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This talk examines the assemblage of policies, practices, and algorithms of suspicion that control workers’ access to wages and work on digital labor platforms. Irani shows how “fraud” acts as a quasi-legal category that legitimizes and protects platform operators’ unilateral decisions to fire workers. This case study begins with the problem of opaque account suspensions suffered by good faith workers on the platform Amazon Mechanical Turk. Through an investigation of patents, research papers, and industry documentation, the talk constructs a view of the models and assumptions Amazon deploys to guess the difference between good and bad workers. These algorithms and the opaque organizational routines that deploy them submit workers to automated surveillance, suspicion, and terminating action – managing workers at scale and at a distance. These practices may have discriminatory consequences, sometimes in ways recognized by legally recognized protected categories and sometimes not. Irani concludes by arguing that existing digital rights frameworks must be revised to give workers rights and protections against platforms’ algorithmic forms of management.

Lilly Irani is an Associate Professor of Communication & Science Studies at University of California, San Diego where she co-directs the Just Transitions Initiative. She is Faculty Director of UC San Diego's new Labor Center. She also serves as faculty in the Design Lab, Institute for Practical Ethics, the program in Critical Gender Studies. She is author of Chasing Innovation: Making Entrepreneurial Citizens in Modern India (Princeton University Press, 2019) and Redacted (with Jesse Marx) (Taller California, 2021). Chasing Innovation has been awarded the 2020 International Communication Association Outstanding Book Award and the 2019 Diana Forsythe Prize for feminist anthropological research on work, science, or technology, including biomedicine. Her research examines the cultural politics of high-tech work and the counter-practices they generate, as both an ethnographer, a designer, and a former technology worker. She is a co-founder of the digital worker advocacy organization Turkopticon.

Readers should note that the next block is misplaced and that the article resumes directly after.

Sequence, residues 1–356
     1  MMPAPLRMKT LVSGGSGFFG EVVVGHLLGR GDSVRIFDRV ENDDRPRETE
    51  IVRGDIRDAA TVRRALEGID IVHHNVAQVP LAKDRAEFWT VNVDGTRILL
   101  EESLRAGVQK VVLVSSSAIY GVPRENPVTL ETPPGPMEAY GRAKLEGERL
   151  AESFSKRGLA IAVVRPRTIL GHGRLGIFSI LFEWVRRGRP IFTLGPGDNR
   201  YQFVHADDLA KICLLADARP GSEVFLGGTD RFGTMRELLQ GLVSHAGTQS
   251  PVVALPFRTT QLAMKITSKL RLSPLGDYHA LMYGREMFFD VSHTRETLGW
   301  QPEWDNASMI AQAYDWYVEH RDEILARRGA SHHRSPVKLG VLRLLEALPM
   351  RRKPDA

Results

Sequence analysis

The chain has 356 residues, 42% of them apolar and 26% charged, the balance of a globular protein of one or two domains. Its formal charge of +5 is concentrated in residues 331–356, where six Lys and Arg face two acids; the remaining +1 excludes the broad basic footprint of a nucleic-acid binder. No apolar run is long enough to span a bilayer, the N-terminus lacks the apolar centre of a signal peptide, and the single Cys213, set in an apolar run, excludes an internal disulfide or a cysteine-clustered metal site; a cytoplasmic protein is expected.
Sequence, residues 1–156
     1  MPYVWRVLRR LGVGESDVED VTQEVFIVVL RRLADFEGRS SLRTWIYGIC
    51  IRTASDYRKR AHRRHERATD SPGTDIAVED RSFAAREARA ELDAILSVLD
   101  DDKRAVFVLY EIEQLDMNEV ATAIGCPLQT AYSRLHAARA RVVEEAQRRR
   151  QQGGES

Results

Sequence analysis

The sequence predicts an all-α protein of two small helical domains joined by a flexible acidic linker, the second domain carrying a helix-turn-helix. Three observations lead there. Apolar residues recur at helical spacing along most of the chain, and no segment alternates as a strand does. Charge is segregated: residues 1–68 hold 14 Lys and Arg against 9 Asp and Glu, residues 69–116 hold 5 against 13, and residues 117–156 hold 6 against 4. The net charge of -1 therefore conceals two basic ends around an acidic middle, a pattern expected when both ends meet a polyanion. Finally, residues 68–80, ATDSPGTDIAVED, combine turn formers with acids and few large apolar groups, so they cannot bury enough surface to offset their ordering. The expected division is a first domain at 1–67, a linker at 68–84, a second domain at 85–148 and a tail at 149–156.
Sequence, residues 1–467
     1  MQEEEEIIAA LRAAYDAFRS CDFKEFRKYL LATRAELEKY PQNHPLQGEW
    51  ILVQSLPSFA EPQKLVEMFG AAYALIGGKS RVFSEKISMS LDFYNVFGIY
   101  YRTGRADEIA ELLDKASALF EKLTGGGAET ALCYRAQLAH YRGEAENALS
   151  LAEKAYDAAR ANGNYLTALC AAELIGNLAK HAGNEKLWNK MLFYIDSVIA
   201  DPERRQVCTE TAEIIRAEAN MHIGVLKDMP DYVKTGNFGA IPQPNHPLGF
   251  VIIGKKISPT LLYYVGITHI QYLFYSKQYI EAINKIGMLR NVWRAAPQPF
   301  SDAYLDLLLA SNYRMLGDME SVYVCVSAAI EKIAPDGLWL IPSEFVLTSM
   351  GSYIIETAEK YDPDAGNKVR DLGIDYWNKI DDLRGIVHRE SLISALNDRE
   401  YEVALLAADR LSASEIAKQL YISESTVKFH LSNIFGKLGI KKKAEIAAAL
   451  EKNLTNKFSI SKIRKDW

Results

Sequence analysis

This event is co-organised by the Centre for Digital Culture and the Digital Futures Institute. This event is wheelchair accessible. The event will be filmed, by attending you consent to appearing in any footage or stills of the event. Tickets are limited so if you book but cannot come, please kindly cancel. For further information and to inform the organiser of any access requirements, or to sign up to our waiting list, please email

Event details

Anatomy Lecture Theatre
Strand Building
Strand Campus, Strand, London, WC2R 2LS